Yesterday, the International Steering Group for Kosovo agreed to end the supervised independence of Kosovo in September. The steering group is made up of 23 European countries, the United States, and Turkey. The Steering Group said that Kosovo had made significant steps to implementing the Comprehensive Settlement Proposal (CSP) which included laws for cultural and religion heritage protections and community rights.
What does the end of Supervised Independence mean for Kosovo? Well, the International Civilian Office (ICO), headed by Peter Feith, which hold executive authority to oversee independence will be closed down in September. The European Rule of Law Mission (EULEX), KFOR (NATO's Kosovo Force) and UNMIK will still remain in Kosovo.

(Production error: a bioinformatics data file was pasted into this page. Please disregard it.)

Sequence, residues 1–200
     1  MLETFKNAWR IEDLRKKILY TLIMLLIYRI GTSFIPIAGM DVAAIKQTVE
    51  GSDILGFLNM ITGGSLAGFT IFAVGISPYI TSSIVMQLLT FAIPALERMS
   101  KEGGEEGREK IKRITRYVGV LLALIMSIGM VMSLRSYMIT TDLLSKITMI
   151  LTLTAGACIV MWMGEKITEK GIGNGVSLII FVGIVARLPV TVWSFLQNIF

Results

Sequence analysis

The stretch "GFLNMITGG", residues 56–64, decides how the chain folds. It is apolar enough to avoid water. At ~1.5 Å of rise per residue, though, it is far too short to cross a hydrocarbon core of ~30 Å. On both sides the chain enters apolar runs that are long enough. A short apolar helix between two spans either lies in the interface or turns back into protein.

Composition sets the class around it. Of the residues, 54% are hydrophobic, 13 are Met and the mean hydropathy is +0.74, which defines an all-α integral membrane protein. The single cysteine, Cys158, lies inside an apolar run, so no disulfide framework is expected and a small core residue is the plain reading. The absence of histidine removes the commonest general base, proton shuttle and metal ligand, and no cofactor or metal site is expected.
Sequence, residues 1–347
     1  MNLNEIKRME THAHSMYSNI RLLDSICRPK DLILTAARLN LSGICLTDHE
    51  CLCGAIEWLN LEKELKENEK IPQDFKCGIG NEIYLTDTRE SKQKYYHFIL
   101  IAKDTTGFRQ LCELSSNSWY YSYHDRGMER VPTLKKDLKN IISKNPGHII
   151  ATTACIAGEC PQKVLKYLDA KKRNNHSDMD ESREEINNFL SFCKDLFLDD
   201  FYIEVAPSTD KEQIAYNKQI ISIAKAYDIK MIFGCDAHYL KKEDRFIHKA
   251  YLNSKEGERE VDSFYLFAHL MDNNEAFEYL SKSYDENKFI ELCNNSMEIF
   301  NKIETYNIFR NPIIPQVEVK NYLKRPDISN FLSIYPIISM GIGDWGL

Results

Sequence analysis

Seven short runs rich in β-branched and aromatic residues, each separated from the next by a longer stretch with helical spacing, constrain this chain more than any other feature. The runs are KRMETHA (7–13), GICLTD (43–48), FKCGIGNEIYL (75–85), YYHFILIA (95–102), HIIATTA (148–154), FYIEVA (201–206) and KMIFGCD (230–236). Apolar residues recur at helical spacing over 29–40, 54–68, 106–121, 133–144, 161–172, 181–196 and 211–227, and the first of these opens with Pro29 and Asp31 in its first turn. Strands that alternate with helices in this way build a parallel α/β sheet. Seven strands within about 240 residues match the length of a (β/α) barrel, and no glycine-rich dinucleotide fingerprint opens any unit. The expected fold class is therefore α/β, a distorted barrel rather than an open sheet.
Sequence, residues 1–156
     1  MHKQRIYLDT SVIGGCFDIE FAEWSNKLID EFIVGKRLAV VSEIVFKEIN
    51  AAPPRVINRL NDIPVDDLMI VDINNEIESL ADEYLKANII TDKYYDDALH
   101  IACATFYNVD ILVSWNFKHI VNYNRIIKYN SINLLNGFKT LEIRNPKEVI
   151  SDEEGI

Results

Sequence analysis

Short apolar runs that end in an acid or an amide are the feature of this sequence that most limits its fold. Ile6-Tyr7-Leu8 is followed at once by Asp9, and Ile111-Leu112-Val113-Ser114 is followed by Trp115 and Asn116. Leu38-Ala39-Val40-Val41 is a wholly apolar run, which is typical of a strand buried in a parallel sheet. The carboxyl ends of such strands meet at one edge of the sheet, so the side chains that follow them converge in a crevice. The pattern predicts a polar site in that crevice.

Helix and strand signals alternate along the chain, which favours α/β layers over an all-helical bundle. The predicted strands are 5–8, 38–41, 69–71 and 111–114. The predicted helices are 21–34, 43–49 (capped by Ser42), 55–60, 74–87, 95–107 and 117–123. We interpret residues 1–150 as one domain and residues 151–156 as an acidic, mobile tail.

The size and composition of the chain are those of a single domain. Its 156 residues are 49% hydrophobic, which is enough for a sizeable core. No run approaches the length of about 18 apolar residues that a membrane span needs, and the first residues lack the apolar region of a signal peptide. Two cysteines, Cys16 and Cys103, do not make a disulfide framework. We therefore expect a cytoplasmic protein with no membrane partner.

In other news, Italian Member of Parliament Pino Arlacchi has sent a series of questions to the European Commission on the progress of EULEX investigations who stated that UNMIK and EULEX "has something to hide". Arlacchi has been requesting status reports on 11 cases handed over to EULEX from UNMIK which cited criminal conduct involving more than 60 million Euros related to the privatization of Kosovo's electricity.
Also, the sale of Post & Telcomm Kosovo (PTK) has restarted after it was stopped last year amid allegations of corruption and harmful contracts. The sale is in the pre-qualification stage where companies can express interest in purchasing the company. The Kosovo budget greatly relies on the sale of PTK which is expected to bring in between 300-600 million Euros.